Watch The Foley Work That Makes Cyberpunk 2077’s Vehicles Sound Real

Foley work may not be the most appreciated job in the movie and video game business, but it sure makes our experience so much better. During episode 4 of CD Projekt Red’s Night City Wire, we got an up-close and personal look at the vehicles of Cyberpunk 2077, and the foley artists who make those in-game engines purr.

Revving Up Night City was the name of the behind the scenes piece featured in the publisher’s showcase, that saw senior sound designer Krzysztof Lipka on the race track. He spoke about the creative process CD Project Red’s sound department went through when seeking the perfect sound for the cars of Night City. Once the car design was finalized, the sound designers stepped in to seek the proper rev for each specific vehicle. It was apparently decided early on that the team would visit the race tracks to record the car’s intricate engine sounds and precise movements.

Related: Keanu Reeves Owns A Motorbike Company And Some Of His Bikes Are In Cyberpunk 2077

With the help of Polish racing driver Tomek Czopik – who pushed each car to its limit – the team set out to record a good selection of cars. Starting with the powerful muscle cars, the designers got their hands on some noisy V6 engines – to provide those tire screams – the Inline 6s, and finally the V10s. Off-road and drift cars were also put to the test, in order to capture a more aggressive sound to tear up the streets of Old Downtown.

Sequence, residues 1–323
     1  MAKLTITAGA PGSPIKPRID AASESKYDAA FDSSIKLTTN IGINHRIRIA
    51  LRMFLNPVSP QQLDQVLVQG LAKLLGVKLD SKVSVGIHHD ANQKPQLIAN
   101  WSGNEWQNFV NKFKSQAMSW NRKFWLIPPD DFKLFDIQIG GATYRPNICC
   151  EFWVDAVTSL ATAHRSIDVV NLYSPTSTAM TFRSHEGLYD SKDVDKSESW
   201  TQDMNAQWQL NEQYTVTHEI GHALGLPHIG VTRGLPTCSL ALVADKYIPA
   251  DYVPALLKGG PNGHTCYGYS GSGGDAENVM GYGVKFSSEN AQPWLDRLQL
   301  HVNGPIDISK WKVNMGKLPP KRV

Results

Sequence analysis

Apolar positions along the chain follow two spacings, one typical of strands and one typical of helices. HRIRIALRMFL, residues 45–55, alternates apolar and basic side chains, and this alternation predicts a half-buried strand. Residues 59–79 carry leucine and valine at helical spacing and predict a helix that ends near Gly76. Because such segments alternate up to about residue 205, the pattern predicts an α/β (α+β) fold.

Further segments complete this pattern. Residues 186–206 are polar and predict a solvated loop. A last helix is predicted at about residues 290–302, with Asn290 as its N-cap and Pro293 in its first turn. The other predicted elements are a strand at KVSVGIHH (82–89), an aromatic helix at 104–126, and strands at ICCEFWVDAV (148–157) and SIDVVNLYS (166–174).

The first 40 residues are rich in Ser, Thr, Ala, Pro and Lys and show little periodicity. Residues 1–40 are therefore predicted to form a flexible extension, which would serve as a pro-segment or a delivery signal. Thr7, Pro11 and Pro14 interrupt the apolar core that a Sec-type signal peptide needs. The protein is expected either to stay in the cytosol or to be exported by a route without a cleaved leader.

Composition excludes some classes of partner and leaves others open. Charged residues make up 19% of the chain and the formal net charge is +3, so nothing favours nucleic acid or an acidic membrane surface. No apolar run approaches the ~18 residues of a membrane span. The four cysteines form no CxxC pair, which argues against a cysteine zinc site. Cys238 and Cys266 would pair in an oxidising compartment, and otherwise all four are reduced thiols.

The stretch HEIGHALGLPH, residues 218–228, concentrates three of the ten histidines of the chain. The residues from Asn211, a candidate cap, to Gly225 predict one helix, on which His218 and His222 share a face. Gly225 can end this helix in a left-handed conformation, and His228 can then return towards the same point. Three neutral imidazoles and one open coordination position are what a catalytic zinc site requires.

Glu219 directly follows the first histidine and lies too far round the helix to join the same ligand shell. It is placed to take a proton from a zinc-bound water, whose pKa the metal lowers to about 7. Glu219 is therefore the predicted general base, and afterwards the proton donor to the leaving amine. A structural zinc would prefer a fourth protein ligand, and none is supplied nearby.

Lipka explained how smaller teams would break away to place microphones on each vehicle – which was a time-efficient strategy – with another group of mechanics from the rally team on hand to assist. The mechanics actually allowed the design team to fit the microphones into hard to reach places on the vehicles, in order to capture as many internal noises as possible. Three microphones were placed within the engine, with an additional three in the exhaust, and a further two microphones placed inside the car.

It was made known how complex car sounds are to record, and the team found it challenging to obtain all the necessary components needed to capture an accurate recording of the emitting sounds. While it was important to harness the character of each in-game car within the recording, the sound designers wanted to avoid making the engines sound too futuristic, opting for more organic engines instead. Cyberpunk 2077 cars are not without futuristic charm, however, as many smaller elements were added to the car’s horn and bodywork to make them a recognizable Cyberpunk ride.

If you want more car content, take a look at Cyberpunk 2077’s Porsche 911 Turbo. CD Projekt also put out a new Cyberpunk 2077 CGI short, called The Diner.

More: Cyberpunk 2077 Getting Its Own Smartphone In China

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Jo recently got served a nostalgia trip playing Sony’s Spider-Man, as it brought back the exhilarating feeling of web-slinging from the PS2 days. While the giddiness of gaming still remains, Jo has put the adult brain to good use by spending the last few years dissecting the games industry and marveling at its insides.

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